Covey Center for the Arts
The Center, which was built in downtown Provo last year, is not solely committed to performances, but also offers classes for everything from Belly Dancing to Finance for Kids. This year, the Center has planned a concert with pianist George Winston on Sept 19 and Thriller by the Odyssey Dance Theater on Oct 10, as well as performances by Kenny Loggins, Kirby Heyborne, and Thrillionaires.
The Covey Center for the Arts is located at 425 W. Center St in Provo.
For more information go to www.CoveyCenter.org
Also in downtown Provo, Muse has concerts almost every night. The concerts, which are mostly performed by local artists, are organized by genre, generally showing three to four bands per night. Almost every show is $5 per person or less. Muse also has a recording studio that can be rented by the hour.
Muse Music is located at 151 N. University Ave in Provo.
For more information go to www.MuseMusicOnline.com
Tahitian Noni Auditorium
Months after opening the Tahitian Noni building in Provo, the owners realized that the great space they had created was being wasted, only used by employees coming and going. According to their website, they opened up the auditorium to any musicians that had a local following. They have very few live events scheduled, but what does perform there is free to the public. They also have free movie showings, the next one being Shrek the Third on Aug 28 at 6:30.
The Tahitian Noni Auditorium is located at 333 W. River Park Drive in Provo.
For more information go to www.visittni.com
With a schedule similar to Muse Music, Velour makes its mark with it’s comfortable atmosphere and loyal musicians. Many of the most popular local bands found their sound while performing at Velour. Ticket prices vary depending on the show, but average at around $5. Velour consistently books the best local bands, as well as the rare out-of-towner.
Velour is located at 135 N University Ave in Provo.
For more information go to www.VelourLive.com
This outdoor venue in the foothills of Provo provides the perfect atmosphere for classics, Shakespearean plays, and dramas. Tickets sell at $7 for students, making this theater possibly the best bang for your buck. The theater is run by the Actors Repertory Theatre Ensemble, which employs both seasoned professionals and dedicated students. Productions don’t run all year, but when there is a show, you can trust it to be quality. Currently, the Castle is showing Shakespeare’s The Merry Wives of Windsor, which will run until Sept 13. Be sure to bring pillows, blankets, and bug spray to keep yourself comfortable.
The Castle Ampitheater is located at 1300 E Center St. in Provo.
For more information, go to www.CastleTheater.org
Center Street Musical Theater
A spacious venue in downtown Provo, CSMT houses almost entirely classic musicals. Dinner is served before every nightly production for an additional $10. Don’t expect to see anything immaculate or life-changing here; most of the shows are light-hearted and imperfect. This fall, CSMT will produce one comedy night (on Aug 30), Beauty and the Beast (beginning Sept 5), and The Music Man (beginning Oct 17).
Center Street Musical Theater is located at 177 W. Center St. in Provo.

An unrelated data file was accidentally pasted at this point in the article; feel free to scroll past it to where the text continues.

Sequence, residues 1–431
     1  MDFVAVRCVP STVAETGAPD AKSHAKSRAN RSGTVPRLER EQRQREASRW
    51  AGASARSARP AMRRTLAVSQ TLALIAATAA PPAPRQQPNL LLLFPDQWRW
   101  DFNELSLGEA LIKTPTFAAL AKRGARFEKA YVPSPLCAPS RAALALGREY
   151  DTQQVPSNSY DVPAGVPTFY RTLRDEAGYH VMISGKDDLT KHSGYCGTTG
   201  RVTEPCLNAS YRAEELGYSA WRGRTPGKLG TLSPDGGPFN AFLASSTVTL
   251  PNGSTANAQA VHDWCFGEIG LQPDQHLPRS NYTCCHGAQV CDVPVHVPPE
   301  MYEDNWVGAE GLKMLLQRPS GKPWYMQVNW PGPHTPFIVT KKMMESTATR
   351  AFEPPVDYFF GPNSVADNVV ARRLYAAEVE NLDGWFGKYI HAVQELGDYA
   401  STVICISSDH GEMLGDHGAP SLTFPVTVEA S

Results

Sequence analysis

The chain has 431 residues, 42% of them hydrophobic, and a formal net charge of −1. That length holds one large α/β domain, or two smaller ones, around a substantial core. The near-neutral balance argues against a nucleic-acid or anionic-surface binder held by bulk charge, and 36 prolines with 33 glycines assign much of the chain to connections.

For more information, go to www.csmtc.com
Hale Center Theater Orem
One of the oldest and best-loved theaters in the valley, HCTO produces quality family-friendly plays and musicals on their small in-the-round stage. Along with their great reputation comes a higher ticket price; anywhere from $11 to $15 depending on the night and your seat. HCTO is currently producing John Patrick’s the Hasty Heart.
The Hale Center Theater is located at 225 W 400 N in Orem
For more information, go to www.HaleCenterTheaterOrem.com
Keith Christeson Little Theater
Funded by the Pleasant Grove city and run by the Pleasant Grove Players, the Little Theater produces family-oriented plays in a small, intimate theater below the PG Library. Despite their drawbacks (namely a small budget and the same stage being used for traffic school), the Little Theater brings great performances to the community, drawing from a loyal, talented group of actors and directors. This season, expect to see classics like Noel Coward’s Blithe Spirit, Larry Shue’s The Foreigner, and Frederick Knott’s Wait Until Dark here.
The Keith Christeson Little Theater is located at 30 E Center PG. The entrance is at the back of the building.
For more information go to www.PleasantGrovePlayers.com
The Shell is an outdoor amphitheater, which shows musicals, concerts, and outdoor movies. Their summer musical season ended this month on the 16th, but on the 28th, Boyz II Men will perform. Also, they have Three Dog Night scheduled on Sept 1. In early September, they have also planned a couple of outdoor movies. The audience is encouraged to bring blankets and pillows, and chairs can be rented from the venue.
the SCERA Shell is located at 745 S. State St. in Orem.
For more information, go to www.scera.org
Much like the Keith Christeson Little Theater, the Springville Playhouse is funded by the city and found under the city’s library. The stage is surrounded on three sides by audience, which creates an even more intimate atmosphere. They are currently playing the youth production Into the Woods, Jr. Beginning in October, they will show Arthur Miller’s The Crucible.
The Springville Playhouse is located at 50 S. Main St. in Springville.
For more information go to www.SpringvillePlayhouse.org
Valley Center Playhouse